"Rett Disorder and the Developing Brain", A. Kerr, I. Witt Engerstrom, 2001

FOREWORD (v)

PREFACE (ix)

LIST OF CONTRIBUTORS (xvii)

1 The clinical background to the Rett disorder. Alison M. Kerr and Ingegerd Witt Engerstrom (1)

ROOTS OF DISORDER

2 Towards the genetic basis of Rett syndrome. Angus Clarke, Carolyn Schanen and Maria Anvret (27)

3 The neuropathology of the Rett disorder. Dawna D. Armstrong and Hannah C. Kinney (57)

4 Cortical development in Rett syndrome: molecular, neurochemical, and anatomical aspects. Walter E. Kaufmann (85)

5.1 The Rett syndrome: proposed mechanisms of genetic origin and inheritance. Maj A. Hulten (111)

5.2 Amino acid receptor studies in Rett syndrome. Mary E. Blue and Michael V. Johnston (117)

5.3 Melatonin and Rett syndrome disorder. Sarojini S. Budden (121)

5.4 Early abnormality in pterin levels in Rett syndrome. Souad Messahel, Anne E. Pheasant, Hardiv Pall and Alison M. Kerr (125)

5.5 Neurotrophic factors in the pathogenesis of Rett syndrome. Raili Riikonen (127)

NEURONS IN ACTION

6 The central autonomic disturbance in Rett syndrome. Peter O. O. Julu (131)

7 The role of genetic and environmental factors in brain development: development of the central monoaminergic nervous system. Masaya Segawa (183)

8 The monoamine hypothesis in Rett syndrome. Yoshiko Nomura nd Masaya Segawa (205)

9 The central and peripheral autonomic nervous system and possible implications in Rett syndrome patients. Annica Dahlstrom (227)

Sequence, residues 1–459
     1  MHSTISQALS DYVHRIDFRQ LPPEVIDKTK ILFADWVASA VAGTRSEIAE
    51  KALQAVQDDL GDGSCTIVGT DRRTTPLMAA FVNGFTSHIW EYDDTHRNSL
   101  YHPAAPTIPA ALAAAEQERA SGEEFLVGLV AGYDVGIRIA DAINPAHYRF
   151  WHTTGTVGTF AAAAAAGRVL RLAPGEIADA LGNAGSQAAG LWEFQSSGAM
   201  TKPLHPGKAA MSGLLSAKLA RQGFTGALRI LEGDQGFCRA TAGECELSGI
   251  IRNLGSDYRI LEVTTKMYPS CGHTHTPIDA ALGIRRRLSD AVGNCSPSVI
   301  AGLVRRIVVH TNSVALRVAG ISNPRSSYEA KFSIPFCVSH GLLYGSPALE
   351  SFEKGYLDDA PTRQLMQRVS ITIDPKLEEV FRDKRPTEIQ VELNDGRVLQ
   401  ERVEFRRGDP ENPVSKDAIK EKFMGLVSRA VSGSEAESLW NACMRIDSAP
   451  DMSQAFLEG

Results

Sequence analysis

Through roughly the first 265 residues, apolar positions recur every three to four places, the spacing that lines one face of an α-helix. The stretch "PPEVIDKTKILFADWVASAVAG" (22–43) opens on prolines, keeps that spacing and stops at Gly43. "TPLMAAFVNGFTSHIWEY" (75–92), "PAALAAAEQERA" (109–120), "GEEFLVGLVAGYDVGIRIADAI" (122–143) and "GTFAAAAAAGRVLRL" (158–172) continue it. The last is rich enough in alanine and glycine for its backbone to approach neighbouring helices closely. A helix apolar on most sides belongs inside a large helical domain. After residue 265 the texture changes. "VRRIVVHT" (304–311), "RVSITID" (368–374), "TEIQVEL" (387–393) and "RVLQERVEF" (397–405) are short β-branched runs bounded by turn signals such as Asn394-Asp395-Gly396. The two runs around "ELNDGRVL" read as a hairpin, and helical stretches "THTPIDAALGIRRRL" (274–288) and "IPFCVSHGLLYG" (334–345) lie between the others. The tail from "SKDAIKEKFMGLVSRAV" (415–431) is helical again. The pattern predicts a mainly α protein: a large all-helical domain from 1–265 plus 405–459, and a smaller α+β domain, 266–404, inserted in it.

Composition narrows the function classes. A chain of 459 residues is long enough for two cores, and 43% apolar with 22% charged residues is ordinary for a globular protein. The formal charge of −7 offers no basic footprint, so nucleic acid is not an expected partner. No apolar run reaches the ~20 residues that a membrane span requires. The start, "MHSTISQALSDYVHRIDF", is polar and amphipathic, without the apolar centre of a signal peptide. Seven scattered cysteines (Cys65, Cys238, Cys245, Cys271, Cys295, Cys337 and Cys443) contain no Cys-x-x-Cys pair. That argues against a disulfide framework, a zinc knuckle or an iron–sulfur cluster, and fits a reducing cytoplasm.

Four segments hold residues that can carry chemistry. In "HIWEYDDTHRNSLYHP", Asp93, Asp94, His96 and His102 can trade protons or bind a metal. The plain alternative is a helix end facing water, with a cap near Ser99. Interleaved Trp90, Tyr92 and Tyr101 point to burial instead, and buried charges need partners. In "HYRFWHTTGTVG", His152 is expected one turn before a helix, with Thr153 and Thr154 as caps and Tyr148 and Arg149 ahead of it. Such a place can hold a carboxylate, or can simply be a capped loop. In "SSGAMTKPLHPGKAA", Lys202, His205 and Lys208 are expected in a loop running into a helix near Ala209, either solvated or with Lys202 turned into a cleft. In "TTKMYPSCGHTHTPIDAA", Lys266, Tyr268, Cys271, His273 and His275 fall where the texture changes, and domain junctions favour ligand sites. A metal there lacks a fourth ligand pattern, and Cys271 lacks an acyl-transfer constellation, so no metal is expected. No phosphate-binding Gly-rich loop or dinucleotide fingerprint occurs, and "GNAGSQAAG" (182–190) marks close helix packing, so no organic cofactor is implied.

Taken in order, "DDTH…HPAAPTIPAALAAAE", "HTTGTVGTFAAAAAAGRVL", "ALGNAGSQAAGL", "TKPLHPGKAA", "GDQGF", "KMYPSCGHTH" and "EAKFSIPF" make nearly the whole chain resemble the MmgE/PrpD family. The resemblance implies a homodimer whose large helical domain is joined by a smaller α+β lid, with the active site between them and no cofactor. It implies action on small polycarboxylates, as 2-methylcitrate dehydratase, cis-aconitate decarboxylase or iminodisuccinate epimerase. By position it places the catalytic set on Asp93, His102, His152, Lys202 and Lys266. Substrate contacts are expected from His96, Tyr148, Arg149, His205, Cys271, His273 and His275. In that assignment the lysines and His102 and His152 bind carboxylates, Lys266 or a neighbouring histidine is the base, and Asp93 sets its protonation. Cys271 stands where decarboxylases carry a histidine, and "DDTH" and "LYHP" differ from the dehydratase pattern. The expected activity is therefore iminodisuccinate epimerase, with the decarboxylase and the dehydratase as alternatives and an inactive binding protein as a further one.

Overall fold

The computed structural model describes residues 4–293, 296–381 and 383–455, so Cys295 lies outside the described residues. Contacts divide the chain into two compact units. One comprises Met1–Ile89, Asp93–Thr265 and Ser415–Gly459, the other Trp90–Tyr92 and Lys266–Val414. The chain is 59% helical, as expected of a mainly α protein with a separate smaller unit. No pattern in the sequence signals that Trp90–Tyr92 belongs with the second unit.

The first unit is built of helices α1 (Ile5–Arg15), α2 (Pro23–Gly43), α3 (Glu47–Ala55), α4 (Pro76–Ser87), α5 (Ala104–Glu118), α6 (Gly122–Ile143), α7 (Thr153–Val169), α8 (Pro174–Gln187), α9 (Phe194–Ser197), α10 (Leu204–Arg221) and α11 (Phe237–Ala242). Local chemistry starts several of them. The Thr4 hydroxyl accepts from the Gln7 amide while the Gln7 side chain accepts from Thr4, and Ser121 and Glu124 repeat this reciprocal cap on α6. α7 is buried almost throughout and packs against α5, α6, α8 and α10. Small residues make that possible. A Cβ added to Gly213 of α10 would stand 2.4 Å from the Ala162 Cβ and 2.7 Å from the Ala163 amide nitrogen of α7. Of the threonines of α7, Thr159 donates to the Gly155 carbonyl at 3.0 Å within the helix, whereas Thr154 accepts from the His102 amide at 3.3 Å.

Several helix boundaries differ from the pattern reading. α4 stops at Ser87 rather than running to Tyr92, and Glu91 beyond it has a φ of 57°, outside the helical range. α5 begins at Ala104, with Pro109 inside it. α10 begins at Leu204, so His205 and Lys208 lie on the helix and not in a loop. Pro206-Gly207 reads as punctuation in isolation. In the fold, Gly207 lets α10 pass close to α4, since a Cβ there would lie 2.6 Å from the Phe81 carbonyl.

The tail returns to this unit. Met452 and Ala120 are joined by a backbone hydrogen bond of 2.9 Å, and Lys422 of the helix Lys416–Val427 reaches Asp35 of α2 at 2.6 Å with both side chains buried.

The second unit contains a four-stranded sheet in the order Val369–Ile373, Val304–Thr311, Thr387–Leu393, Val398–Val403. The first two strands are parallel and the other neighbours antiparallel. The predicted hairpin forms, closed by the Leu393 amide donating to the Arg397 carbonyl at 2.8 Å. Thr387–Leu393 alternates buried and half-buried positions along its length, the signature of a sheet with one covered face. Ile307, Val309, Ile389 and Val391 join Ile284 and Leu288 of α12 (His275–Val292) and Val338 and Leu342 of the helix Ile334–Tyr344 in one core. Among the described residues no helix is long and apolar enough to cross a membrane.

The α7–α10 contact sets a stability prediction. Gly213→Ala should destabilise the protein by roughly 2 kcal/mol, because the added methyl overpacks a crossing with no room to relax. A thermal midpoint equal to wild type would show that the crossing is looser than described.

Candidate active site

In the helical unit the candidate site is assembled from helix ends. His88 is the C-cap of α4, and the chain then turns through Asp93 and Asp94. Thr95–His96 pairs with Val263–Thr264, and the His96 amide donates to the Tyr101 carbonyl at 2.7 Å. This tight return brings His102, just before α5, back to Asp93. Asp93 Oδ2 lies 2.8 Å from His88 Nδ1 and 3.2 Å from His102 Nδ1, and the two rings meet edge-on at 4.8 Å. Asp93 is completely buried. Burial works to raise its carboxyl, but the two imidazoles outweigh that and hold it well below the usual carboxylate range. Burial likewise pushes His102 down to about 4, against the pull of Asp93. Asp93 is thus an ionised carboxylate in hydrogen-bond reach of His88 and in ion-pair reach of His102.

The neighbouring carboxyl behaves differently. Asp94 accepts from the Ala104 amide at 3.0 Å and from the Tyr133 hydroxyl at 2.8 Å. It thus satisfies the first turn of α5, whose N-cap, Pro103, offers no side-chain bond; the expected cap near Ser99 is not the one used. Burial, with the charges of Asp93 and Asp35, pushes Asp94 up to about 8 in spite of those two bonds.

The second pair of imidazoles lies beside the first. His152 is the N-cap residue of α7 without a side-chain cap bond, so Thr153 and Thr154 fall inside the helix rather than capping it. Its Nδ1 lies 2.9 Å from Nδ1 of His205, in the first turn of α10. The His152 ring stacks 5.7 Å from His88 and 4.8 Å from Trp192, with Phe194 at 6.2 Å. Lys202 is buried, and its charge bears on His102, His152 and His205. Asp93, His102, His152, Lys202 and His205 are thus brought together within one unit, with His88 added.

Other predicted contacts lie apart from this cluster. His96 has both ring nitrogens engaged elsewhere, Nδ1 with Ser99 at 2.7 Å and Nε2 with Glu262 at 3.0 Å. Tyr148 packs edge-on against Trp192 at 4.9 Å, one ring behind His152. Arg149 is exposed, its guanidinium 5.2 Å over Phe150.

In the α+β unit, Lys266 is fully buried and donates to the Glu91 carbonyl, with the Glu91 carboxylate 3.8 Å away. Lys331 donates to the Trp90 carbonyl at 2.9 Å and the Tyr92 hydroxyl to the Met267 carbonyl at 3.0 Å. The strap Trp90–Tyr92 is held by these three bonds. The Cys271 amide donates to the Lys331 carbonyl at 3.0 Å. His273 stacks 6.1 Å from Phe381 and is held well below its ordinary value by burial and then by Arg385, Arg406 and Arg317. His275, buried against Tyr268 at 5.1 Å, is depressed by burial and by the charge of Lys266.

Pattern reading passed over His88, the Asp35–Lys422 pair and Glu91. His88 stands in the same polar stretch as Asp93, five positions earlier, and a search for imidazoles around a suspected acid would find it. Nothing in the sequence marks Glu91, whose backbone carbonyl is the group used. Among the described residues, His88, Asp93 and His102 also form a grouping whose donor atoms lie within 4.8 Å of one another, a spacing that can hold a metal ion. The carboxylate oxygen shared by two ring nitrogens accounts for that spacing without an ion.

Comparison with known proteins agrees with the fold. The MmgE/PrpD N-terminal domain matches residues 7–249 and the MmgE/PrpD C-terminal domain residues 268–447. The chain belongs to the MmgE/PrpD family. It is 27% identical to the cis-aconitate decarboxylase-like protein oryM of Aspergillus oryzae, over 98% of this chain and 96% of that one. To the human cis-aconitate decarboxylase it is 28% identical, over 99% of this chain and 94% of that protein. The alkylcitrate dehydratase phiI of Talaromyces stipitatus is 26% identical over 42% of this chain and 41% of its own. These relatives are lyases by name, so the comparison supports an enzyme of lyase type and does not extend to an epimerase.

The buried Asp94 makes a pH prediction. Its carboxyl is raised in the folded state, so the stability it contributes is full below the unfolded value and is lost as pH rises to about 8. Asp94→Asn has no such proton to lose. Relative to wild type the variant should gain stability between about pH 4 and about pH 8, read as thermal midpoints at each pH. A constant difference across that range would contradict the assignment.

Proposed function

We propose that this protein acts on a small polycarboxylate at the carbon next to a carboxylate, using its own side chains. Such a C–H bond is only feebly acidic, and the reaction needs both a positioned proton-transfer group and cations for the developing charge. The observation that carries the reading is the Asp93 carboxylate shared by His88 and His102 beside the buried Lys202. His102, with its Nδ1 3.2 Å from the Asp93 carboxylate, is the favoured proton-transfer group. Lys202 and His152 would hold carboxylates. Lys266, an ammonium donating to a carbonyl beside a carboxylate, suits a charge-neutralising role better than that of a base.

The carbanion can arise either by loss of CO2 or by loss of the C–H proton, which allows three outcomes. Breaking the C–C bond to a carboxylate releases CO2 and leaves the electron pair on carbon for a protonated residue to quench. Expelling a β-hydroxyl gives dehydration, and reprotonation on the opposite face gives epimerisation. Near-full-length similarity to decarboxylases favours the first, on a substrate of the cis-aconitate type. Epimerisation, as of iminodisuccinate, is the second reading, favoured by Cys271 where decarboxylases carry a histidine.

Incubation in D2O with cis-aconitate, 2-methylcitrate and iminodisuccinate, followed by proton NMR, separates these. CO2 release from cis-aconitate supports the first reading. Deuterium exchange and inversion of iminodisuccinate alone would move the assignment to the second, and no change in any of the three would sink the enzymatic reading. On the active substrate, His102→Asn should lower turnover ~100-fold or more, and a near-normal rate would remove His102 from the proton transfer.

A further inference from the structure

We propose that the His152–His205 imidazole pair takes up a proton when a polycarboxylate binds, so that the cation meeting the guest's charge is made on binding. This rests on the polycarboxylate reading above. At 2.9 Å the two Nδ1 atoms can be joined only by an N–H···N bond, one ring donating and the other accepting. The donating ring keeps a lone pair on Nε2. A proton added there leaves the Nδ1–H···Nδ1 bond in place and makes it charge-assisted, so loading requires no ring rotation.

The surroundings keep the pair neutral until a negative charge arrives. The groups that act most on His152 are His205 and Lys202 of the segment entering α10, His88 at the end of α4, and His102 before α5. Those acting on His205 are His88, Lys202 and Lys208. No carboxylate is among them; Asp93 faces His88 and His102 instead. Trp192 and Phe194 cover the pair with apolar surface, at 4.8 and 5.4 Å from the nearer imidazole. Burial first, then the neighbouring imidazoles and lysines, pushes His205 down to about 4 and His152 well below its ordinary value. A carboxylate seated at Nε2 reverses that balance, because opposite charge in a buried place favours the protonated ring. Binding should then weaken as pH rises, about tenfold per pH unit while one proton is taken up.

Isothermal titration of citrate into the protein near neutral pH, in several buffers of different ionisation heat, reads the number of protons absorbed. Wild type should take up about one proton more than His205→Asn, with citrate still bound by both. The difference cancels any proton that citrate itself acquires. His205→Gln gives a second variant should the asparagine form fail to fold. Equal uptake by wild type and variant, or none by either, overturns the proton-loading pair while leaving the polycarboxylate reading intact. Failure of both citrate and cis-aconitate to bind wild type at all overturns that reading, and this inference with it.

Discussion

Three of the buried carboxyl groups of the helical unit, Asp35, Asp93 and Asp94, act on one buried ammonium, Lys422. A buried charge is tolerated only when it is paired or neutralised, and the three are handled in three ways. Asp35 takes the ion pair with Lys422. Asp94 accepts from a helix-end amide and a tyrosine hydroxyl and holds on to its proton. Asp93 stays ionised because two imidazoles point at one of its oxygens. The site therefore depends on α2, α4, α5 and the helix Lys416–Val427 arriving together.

10.1 Autonomic dysfunction and sudden death in Rett syndrome: prolonged QTc intervals and diminished heart rate variability. Daniel G. Glaze and Rebecca J. Schultz (251)

10.2 Feeding in Rett syndrome. Richard Morton (257)

10.3 Oropharyngeal dysfunction and upper gastrointestinal dysmotility, a reflection of disturbances in the autonomic nervous system in Rett syndrome. Kathleen J. Motil, Rebeca J. Schultz, Daniel G. Glaze and Dawna Armstrong (259)

10.4 Possible link between skeletal and electrocardiographic abnormalities and autonomic dysfunction in Rett syndrome. Helen Leonard, Susan Fyfe and Carolyn Ellaway (265)

10.5 The electroencephalogram in Rett syndrome. Rosemary A. Cooper (269)

10.6 Electromagnetic stimulation of motor neurons. Urban M. Fietzek, F. Heinen, U. Ziemann, H. Petersen, K. Huhn, J. Schulte-Monting, H. J. Christen, R. Korinthenberg and F. Hanefeld (275)

EXPRESSING INTELLIGENCE

11 The morphological substrate for communication. Pavel V. Belichenko (277)

12 Early infant intelligence and Rett syndrome. Colwyn Trevarthen and Bronwen Burford (303)

13 Musical responsiveness in the Rett disorder. Bjorn Merker and Nils L. Wallin (327)

14.1 Behavioural and emotional features of Rett syndrome. Rebecca Mount, Richard Hastings, Tony Charman, Sheena Reilly and Hilary Cass (339)

14.2 Vision in Rett syndrome: studies using evoked potentials and event-related potentials. Daphne L. McCulloch, Ross M. Henderson, Kathryn J. Saunders, and R. M. Walley (343)

CONCLUDING CHAPTER

15 The developmental perspective in Rett disorder: where next? Alison M. Kerr and Ingegerd Witt Engerstrom (349)

ABBREVIATIONS AND GLOSSARY (361)

INDEX (367)